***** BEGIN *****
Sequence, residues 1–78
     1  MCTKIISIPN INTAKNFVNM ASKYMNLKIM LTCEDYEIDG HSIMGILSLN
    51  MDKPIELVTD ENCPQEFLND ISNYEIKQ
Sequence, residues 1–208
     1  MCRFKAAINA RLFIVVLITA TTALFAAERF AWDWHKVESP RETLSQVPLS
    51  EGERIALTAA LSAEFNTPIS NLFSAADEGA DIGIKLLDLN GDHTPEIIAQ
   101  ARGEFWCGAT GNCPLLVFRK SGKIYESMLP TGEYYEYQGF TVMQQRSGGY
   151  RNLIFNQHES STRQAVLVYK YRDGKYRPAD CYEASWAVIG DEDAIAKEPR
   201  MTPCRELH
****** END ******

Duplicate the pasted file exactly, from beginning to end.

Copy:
Sequence, residues 1–78
     1  MCTKIISIPN INTAKNFVNM ASKYMNLKIM LTCEDYEIDG HSIMGILSLN
    51  MDKPIELVTD ENCPQEFLND ISNYEIKQ
Sequence, residues 1–208
     1  MCRFKAAINA RLFIVVLITA TTALFAAERF AWDWHKVESP RETLSQVPLS
    51  EGERIALTAA LSAEFNTPIS NLFSAADEGA DIGIKLLDLN GDHTPEIIAQ
   101  ARGEFWCGAT GNCPLLVFRK SGKIYESMLP TGEYYEYQGF TVMQQRSGGY
   151  RNLIFNQHES STRQAVLVYK YRDGKYRPAD CYEASWAVIG DEDAIAKEPR
   201  MTPCRELH